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posted by janrinok on Thursday June 10, @12:30PM   Printer-friendly
from the this-is-infrastructure dept.

From Spiked:

If life ever returns to normal, one thing no one will miss from the lockdown era is the 'TV goldfish'. For over a year, we've watched the disembodied, pixelated faces of contributors to live TV mouth their words out of sync with their audio, gulping away as if in a private fish tank. This isn't the exception for internet video, it's the norm.

John Day is one of the internet's greybeard founding fathers. For a decade he has been advancing a set of improvements to the current mainstream internet protocols. His proposals – called RINA (Recursive Internetwork Architecture) – revisit and build on Louis Pouzin's founding concept of datagrams (data packets). Simplifying these features allowed the original inter-networking protocols (IP) to get out of the door in the 1980s and 1990s, and allowed for the rapid growth of the internet. But the current system we have – TCP/IP – is holding back new innovation.

See also: Internet outage illustrates lack of resilience at heart of critical services
The Guardian view on the internet outage: we need resilience, not just efficiency


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  • (Score: 5, Insightful) by Anonymous Coward on Thursday June 10, @12:48PM (6 children)

    by Anonymous Coward on Thursday June 10, @12:48PM (#1143860)

    For over a year, we've watched the disembodied, pixelated faces of contributors to live TV mouth their words out of sync with their audio, gulping away as if in a private fish tank. This isn't the exception for internet video, it's the norm.

    Well, haven't seen that in many years. Seems something is wrong with his setup?

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  • (Score: 5, Insightful) by Revek on Thursday June 10, @12:59PM (2 children)

    by Revek (5022) on Thursday June 10, @12:59PM (#1143866)

    Agreed. Problems like that are the exception not the rule. Looks like a solution in search of a problem.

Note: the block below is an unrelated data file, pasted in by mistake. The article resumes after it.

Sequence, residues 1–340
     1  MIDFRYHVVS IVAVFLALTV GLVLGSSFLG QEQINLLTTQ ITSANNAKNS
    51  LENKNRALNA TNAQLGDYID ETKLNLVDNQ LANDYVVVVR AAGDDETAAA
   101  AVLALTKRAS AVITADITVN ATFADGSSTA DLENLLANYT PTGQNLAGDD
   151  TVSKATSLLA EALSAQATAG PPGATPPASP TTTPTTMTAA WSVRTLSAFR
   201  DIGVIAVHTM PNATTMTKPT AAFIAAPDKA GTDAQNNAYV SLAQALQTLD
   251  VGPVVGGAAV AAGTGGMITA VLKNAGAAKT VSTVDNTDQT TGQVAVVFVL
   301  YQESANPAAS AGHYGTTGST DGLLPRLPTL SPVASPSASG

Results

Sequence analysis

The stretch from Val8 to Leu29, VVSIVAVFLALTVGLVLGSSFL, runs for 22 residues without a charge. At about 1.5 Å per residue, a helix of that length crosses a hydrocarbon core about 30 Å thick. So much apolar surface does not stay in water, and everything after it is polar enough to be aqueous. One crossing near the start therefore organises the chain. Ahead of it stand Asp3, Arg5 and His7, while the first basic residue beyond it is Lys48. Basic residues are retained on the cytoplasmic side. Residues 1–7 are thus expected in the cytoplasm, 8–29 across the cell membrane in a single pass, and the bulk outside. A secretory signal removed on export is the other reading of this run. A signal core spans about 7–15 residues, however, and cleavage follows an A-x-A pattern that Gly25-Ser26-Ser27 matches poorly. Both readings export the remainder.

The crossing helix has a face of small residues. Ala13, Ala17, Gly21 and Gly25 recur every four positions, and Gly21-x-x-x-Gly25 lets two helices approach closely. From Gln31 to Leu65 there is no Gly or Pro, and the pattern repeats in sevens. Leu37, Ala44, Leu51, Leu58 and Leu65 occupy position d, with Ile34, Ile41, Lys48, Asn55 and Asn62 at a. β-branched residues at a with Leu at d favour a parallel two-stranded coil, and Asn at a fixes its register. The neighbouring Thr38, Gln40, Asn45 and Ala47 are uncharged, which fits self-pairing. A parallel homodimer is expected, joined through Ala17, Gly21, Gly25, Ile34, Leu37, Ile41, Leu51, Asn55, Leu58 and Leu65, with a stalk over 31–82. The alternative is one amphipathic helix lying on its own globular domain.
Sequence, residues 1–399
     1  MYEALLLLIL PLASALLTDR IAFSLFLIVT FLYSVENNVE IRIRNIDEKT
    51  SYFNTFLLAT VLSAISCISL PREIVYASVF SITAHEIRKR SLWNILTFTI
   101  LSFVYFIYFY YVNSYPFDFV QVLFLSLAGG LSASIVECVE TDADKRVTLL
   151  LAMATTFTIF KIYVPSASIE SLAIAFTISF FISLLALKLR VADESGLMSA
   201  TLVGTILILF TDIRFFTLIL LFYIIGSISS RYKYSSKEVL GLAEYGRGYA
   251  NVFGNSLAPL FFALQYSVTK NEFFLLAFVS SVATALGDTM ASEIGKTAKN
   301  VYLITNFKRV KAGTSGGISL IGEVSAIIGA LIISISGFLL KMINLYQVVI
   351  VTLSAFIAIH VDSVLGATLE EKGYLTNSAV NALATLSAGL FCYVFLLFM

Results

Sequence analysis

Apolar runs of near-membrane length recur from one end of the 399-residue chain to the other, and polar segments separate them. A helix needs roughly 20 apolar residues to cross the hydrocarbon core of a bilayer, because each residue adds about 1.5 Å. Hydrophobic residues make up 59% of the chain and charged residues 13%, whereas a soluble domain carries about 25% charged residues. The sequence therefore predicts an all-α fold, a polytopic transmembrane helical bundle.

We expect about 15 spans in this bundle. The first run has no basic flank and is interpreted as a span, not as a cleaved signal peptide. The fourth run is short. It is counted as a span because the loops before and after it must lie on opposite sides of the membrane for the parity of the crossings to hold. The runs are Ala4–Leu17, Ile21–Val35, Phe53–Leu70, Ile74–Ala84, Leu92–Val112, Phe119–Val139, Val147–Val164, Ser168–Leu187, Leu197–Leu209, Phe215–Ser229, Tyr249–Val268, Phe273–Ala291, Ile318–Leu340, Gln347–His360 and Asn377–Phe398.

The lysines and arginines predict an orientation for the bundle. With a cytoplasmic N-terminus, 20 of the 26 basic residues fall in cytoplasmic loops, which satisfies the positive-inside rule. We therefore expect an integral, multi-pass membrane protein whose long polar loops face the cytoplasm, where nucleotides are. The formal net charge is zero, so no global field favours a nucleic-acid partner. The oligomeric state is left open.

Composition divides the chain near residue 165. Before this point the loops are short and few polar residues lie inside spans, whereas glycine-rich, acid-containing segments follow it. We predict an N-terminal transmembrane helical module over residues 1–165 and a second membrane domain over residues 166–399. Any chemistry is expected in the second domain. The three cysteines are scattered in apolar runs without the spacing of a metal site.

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    • (Score: 0) by Anonymous Coward on Thursday June 10, @05:16PM (1 child)

      by Anonymous Coward on Thursday June 10, @05:16PM (#1143956)

      Most likely, the author has some fancy setup where their audio goes through about five different daisy chained boxes before it reaches his/her speakers, and with each box adding its own latency, the result is he/she has created their own fishbowl problem.

      The author is probably also the same type who purchase $4,000/foot speaker wire with oxygen free gold wire because it provides a purer sound with more melodic highs and more bassy lows.

      • (Score: 5, Touché) by driverless on Thursday June 10, @05:19PM

        by driverless (4770) on Thursday June 10, @05:19PM (#1143958)

        Most likely, the author has some fancy setup where their audio goes through about five different daisy chained boxes before it reaches his/her speakers, and with each box adding its own latency, the result is he/she has created their own fishbowl problem.

        No, not at all. The author has some elaborate pet-project solution they've been working on for years and now has to invent a problem for it to solve.

  • (Score: 2) by donkeyhotay on Thursday June 10, @10:15PM

    by donkeyhotay (2540) on Thursday June 10, @10:15PM (#1144097)

    Yeah, that's what I thought too. This might happen once in a great while, but I haven't experienced this in years. However, his writing style sounds British. Perhaps this is more of a problem in Right-pondia?

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  • (Score: 2) by Reziac on Friday June 11, @03:05AM

    by Reziac (2489) on Friday June 11, @03:05AM (#1144163) Homepage

    I've seen a few vids lately that weren't quite in sync, but my internet is slow enough to time with an hourglass. And it was unusual enough to notice, even with my shit access. So yeah, sounds like a personal problem...

  • (Score: 2, Insightful) by UncleBen on Friday June 11, @04:08PM

    by UncleBen (8563) on Friday June 11, @04:08PM (#1144271)
    Holy crap you guys, I regularly see streamed content with audio/video out of sync. I've seen it on public displays, off-line streams, hi- and lo-powered devices. I'd guess +90% of content isn't in sync, it's laughably bad on music videos especially yootoob. (Platform independent.)

    Admittedly, I have 20 years experience with syncing separated sound and video so even at my age I can spot a 1/24th sec sync errors. Buy you youths should be spotting 1/60th's reasonably reliably. Especially in your video games. (OY, some of those are PAINFULLY bad...and it's dedicated HW+OS+SW!)

    I suspect y'all calling "nothing to see here" may have gotten adapted. I fully welcome anyone's attempt to get us back to Ye Olde Analog Daze of sync quality.